Andrew Taylor, Associated Press
WASHINGTON (AP) — Details of last week's hard-won agreement to avoid a government shutdown and cut federal spending by $38 billion were released Tuesday morning. They reveal that the budget cuts, while historic, were significantly eased by pruning money left over from previous years, using accounting sleight of hand and going after programs President Barack Obama had targeted anyway.
Such moves permitted Obama to save favorite programs — Pell grants for poor college students, health research and "Race to the Top" aid for public schools, among others — from Republican knives.
And big holes in foreign aid and Environmental Protection Agency accounts were patched in large part. Republicans also gave up politically treacherous cuts to the Agriculture Department's food inspection program.
The full details of Friday's agreement were released early Tuesday Morning. They reveal a lot of one-time savings and cuts that officially "score" as cuts to pay for spending elsewhere, but often have little to no actual impact on the deficit.
As a result of the legerdemain, Obama was able to reverse many of the cuts passed by House Republicans in February when the chamber approved a bill slashing this year's budget by more than $60 billion. In doing so, the White House protected favorites like the Head Start early learning program, while maintaining the maximum Pell grant of $5,550 and funding for Obama's "Race to the Top" initiative that provides grants to better-performing schools.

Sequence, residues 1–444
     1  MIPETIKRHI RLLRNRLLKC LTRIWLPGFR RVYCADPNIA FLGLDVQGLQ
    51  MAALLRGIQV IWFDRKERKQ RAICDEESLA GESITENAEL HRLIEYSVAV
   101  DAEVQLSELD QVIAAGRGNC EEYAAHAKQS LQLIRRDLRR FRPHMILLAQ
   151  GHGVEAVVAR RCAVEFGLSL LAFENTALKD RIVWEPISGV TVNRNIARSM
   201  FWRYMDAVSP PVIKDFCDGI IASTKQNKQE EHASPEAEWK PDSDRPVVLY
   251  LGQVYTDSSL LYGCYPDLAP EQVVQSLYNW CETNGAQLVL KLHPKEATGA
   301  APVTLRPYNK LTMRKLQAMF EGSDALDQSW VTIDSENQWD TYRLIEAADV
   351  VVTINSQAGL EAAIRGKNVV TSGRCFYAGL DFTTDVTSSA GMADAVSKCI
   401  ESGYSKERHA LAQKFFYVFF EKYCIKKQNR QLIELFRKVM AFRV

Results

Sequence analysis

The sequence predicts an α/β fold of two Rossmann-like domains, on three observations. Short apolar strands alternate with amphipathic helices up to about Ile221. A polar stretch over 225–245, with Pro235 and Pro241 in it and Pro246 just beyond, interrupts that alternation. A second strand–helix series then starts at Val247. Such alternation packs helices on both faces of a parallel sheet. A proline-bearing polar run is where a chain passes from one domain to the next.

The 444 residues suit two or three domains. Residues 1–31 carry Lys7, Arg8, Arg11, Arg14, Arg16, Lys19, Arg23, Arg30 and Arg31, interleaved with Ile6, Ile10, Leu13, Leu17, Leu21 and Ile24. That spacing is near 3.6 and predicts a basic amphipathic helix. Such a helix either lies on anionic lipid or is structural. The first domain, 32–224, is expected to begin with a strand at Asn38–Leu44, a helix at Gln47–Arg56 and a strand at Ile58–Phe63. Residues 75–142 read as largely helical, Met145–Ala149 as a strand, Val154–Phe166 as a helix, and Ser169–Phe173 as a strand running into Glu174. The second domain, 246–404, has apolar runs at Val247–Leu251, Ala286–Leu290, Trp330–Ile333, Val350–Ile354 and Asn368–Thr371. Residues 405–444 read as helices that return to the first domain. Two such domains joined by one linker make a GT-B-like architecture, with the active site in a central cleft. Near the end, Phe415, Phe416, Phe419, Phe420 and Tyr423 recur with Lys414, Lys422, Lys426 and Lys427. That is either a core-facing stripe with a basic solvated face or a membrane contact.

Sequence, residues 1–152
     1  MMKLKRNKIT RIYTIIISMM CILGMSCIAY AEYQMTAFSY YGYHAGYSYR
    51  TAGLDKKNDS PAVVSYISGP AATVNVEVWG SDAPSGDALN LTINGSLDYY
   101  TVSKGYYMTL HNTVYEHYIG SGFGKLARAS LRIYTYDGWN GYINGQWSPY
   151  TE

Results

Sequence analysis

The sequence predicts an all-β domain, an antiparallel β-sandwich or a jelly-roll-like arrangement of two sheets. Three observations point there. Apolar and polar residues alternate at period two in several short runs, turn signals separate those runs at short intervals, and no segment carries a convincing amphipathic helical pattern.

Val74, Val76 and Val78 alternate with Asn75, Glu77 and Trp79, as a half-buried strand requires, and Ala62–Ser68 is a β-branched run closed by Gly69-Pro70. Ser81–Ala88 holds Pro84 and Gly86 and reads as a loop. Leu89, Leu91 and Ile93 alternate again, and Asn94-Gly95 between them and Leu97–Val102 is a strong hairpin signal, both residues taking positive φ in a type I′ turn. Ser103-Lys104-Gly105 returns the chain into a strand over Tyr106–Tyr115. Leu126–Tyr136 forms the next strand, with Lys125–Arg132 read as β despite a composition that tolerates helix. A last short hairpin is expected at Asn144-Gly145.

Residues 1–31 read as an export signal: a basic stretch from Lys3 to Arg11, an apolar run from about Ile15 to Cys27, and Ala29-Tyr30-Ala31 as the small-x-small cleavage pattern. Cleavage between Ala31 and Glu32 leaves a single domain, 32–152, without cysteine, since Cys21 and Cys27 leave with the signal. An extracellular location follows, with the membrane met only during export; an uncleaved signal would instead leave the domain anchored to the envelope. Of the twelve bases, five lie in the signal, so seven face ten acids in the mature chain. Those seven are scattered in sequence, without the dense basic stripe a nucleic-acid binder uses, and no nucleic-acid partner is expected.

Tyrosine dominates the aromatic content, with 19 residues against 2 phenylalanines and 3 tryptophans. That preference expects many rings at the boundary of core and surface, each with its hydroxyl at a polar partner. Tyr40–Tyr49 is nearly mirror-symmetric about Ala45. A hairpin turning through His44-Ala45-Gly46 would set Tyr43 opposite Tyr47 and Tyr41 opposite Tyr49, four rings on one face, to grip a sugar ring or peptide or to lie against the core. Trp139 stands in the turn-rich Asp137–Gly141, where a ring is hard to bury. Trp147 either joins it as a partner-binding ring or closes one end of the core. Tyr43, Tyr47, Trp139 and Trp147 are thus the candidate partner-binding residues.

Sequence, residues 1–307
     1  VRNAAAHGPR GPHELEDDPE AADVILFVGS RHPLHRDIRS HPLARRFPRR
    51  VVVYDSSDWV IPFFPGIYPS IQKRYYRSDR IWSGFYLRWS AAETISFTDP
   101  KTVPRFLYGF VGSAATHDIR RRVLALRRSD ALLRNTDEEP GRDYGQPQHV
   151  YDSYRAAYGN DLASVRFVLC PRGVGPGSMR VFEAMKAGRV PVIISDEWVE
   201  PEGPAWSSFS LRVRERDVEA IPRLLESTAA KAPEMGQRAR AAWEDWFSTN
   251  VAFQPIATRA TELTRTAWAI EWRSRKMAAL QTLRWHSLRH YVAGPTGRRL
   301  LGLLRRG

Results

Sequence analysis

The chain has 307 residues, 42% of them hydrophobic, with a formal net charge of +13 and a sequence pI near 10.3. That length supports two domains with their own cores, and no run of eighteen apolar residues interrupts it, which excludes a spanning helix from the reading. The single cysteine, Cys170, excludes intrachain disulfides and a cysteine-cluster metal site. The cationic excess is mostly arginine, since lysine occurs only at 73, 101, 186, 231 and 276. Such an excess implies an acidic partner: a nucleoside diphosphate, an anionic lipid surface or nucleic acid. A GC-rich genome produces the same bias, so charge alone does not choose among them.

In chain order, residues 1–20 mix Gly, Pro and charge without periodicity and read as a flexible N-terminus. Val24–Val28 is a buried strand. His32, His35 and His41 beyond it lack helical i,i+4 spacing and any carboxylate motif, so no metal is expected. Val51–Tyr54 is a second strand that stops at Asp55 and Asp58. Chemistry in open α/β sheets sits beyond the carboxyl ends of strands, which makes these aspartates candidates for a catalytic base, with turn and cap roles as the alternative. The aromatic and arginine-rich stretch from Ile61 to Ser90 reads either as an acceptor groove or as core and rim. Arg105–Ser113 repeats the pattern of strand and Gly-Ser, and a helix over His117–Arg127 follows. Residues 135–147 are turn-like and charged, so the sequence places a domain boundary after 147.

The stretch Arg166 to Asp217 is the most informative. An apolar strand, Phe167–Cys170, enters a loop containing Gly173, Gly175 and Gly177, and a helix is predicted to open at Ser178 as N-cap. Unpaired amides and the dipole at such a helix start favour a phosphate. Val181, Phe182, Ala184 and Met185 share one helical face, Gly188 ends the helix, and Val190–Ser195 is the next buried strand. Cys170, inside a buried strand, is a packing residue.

Instead, the cuts that actually will make it into law are far tamer, including cuts to earmarks, unspent census money, leftover federal construction funding, and $2.5 billion from the most recent renewal of highway programs that can't be spent because of restrictions set by other legislation. Another $3.5 billion comes from unused spending authority from a program providing health care to children of lower-income families.
Still, Obama and his Democratic allies accepted $600 million in cuts to a community health centers programs, $414 million in cuts to grants for state and local police departments, and a $1.6 billion reduction in the Environmental Protection Agency budget, almost $1 billion of which would come from grants for clean water and other projects by local governments and Indian tribes.
The National Institutes of Health, which funds critical medical research, would absorb a $260 million cut, less than 1% of its budget, instead of the $1.6 billion cut sought by House Republicans. Family planning programs would bear a 5% cut rather than being completely eliminated.
Homeland security programs would have to take their first-ever cut, though much of the 2 percent decrease comes from a $786 million cut to first responder grants to state and local governments. The IRS would see its budget frozen but be spared the 5 percent cut sought by House Republicans.
About $10 billion of the cuts already have been enacted as the price for keeping the government open as negotiations progressed; lawmakers tipped their hand regarding another $10 billion or so when the House passed a spending bill last week that ran aground in the Senate.